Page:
At Bologna: Rights Sales Open on Oscar Winner Lupita Nyong’o’s ‘Sulwe’

In Feature Articles by Porter Anderson

Translation rights have gone on offer for the first time Monday (April 1) at Bologna Children’s Book Fair for Lupita Nyong’o’s picture book with Vashti Harrison on the discriminatory dangers of colorism.

Lupita Nyong’o. Image: Alexi Lubomirski

By Porter Anderson, Editor-in-Chief | @Porter_Anderson

Simon & Schuster Books for Young Readers: October 1
The Kenyan-Mexican actress Lupita Nyong’o—winner of a supporting actress Academy Award for her work in the 2013 Steve McQueen film 12 Years a Slave—is the author of Sulwe, a picture book set for an October 1 release by Simon & Schuster Books for Young readers, in the States and Canada.

Lupita Nyong’o’s ‘Sulwe’ is illustrated by Vashti Harrison

It’s being offered for the first time for international rights sales this week at the Bologna Children’s Book Fair through CAA’s co-agents ILA.

The illustrator Vashti Harrison, whose Little Leaders: Bold Women in Black History (Little, Brown Books for Young Readers, 2017) is a bestseller, is the illustrator on the project.

Nyong’o and Harrison’s Sulwe is described as a book about self-esteem and colorism, which is preferential treatment of people of color whose skin is of lighter shades.

According to media messaging, Nyong’o has experienced the harmful effects of colorism and has spoken about how it hurt her self-image as a child.

“In Sulwe, she candidly shares the consequences of growing up in a world that favors lighter skin,” say the actress’ representatives, “offering a healing story that will entertain children from all backgrounds while providing a story that helps them see beauty in themselves and others.”

In promotional copy, we read that the title character Sulwe is a 5-year-old girl in Kenya. “Her name may mean ‘star,’ but her skin is as dark as midnight. Being darker than anyone in her family and class makes her uncomfortable. She’s determined to find a way to lighten her skin, until a reminder from her mother—and an unforgettable adventure in the night sky—shows her where her beauty really lies.”

In a prepared statement, Nyong’o is quoted, saying, “As a child, much like Sulwe, I was teased and taunted about my night-shaded skin. It made me feel unbeautiful, unaccepted, and impacted my confidence.

“It’s painful to see that the preference for light skin prevails. My goal in writing Sulwe is to provide young children with a path towards embracing their own beauty, regardless of what society tells them.”

Vashti Harrison

And illustrator Harrison says, “It was truly a very special experience to be a part of bringing Sulwe to life.

“The story has an incredibly moving and powerful message, while at the same time shares a fun and whimsical adventure. I wanted to infuse every page with as much elegance and thoughtfulness as magic and wonder, so readers would want to come back again and again.”

As those who have followed Nyong’o’s career in film know, the Brooklyn-based actress and author’s first feature film was 12 Years a Slave, which brought her not only an Academy but also accolades at the Screen Actors Guild®️ Award, the Critics’ Choice Award, the Independent Spirit Award, and the NAACP Award.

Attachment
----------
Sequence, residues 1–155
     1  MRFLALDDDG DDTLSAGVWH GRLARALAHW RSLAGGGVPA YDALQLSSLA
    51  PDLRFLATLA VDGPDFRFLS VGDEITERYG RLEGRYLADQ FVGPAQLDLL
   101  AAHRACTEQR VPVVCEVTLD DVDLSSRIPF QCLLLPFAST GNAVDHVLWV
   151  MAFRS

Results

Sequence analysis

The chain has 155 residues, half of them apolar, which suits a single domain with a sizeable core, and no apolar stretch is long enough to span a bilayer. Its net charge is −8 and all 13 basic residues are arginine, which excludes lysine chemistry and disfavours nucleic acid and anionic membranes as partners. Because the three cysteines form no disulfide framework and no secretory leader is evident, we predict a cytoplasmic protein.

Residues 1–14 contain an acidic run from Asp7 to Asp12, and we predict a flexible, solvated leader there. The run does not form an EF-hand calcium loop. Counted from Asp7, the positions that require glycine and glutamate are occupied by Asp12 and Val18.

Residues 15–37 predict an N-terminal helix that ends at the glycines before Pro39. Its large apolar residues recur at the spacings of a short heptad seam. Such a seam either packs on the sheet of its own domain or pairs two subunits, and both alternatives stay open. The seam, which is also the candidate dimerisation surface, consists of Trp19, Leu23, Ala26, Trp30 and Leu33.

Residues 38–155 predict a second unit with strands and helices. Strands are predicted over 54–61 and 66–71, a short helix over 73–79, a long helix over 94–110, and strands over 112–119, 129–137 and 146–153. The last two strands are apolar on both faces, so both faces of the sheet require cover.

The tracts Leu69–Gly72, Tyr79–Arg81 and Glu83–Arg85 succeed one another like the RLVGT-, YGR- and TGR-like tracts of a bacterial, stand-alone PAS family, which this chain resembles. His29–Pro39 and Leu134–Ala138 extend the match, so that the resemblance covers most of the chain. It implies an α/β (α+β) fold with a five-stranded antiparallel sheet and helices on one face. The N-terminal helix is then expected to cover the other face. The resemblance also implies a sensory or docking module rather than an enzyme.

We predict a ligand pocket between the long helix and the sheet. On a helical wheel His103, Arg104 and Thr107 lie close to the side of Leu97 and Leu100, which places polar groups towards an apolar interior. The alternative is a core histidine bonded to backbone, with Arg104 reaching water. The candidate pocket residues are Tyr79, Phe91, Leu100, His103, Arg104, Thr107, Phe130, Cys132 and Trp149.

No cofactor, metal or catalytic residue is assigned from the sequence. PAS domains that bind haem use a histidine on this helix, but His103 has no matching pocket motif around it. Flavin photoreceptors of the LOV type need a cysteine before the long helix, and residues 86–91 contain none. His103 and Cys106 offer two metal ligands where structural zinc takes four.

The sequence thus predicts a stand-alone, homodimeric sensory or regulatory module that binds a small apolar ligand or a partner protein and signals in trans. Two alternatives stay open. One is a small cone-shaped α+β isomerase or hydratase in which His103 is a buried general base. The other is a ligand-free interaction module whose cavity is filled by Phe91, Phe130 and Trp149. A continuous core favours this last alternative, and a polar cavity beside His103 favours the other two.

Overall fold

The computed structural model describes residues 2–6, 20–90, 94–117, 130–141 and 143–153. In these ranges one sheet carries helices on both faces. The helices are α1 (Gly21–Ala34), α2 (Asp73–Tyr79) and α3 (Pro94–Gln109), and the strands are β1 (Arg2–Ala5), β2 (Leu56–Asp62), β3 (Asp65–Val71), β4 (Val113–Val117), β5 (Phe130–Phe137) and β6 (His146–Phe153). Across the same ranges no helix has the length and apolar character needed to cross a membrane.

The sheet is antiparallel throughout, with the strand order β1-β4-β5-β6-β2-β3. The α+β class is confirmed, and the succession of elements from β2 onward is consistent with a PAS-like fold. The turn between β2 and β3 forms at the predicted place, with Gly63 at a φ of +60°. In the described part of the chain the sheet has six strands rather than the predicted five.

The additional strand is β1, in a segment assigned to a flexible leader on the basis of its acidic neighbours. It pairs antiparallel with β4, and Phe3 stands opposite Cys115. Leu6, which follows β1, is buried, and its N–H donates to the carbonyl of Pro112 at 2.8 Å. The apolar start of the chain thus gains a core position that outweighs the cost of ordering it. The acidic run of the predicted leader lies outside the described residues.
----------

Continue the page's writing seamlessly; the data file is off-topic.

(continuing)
Nyong’o earned a Tony nomination for her Broadway debut in Danai Gurira’s play Eclipsed, and her screen work includes Mira Nair’s Queen ofKatwe; Star Wars: The Force Awakens; Ryan Coogler’s record-breaking box office hit Black Panther; and most recently in Jordan’s Peele’s critically acclaimed horror film, Us.

As Sarah Kim wrote Sunday at Forbes, Nyong’o has found some resistance to her work as Red in Peele’s Us, a character who suffers a neurological voice disorder called spasmodic dysphonia. The national association for the roughly 50,000 sufferers of the disability—with which Robert F. Kennedy reportedly contended—has issued a statement of disappointment that a character who deals with spasmodic dysphonia is, in the film, is an evil doppelganger.

Nyong’o has made an apology to anyone offended by what she says she feels is a character she “crafted with love and care.”

For her part, Harrison is a filmmaker, herself, and earned an MFA in film and video from California Institute of the Arts, where she worker her way into animation and illustration classes to learn from Disney and DreamWorks legends. There she rediscovered her love of drawing and painting.

Harrison has followed Little Leaders with Little Dreamers: Visionary Women Around the World , also from Little, Brown, published late last year.

More coverage from Publishing Perspectives related to Bologna International Children’s Book Fair is here.

About the Author

Porter Anderson

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Porter Anderson is a non-resident fellow of Trends Research & Advisory, and he has been named International Trade Press Journalist of the Year in London Book Fair's International Excellence Awards. He is Editor-in-Chief of Publishing Perspectives. He formerly was Associate Editor for The FutureBook at London's The Bookseller. Anderson was for more than a decade a senior producer and anchor with, CNN International, and CNN USA. As an arts critic (Fellow, National Critics Institute), he was with The Village Voice, the Dallas Times Herald, and the Tampa Tribune, now the Tampa Bay Times. He co-founded The Hot Sheet, a newsletter for authors, which now is owned and operated by Jane Friedman.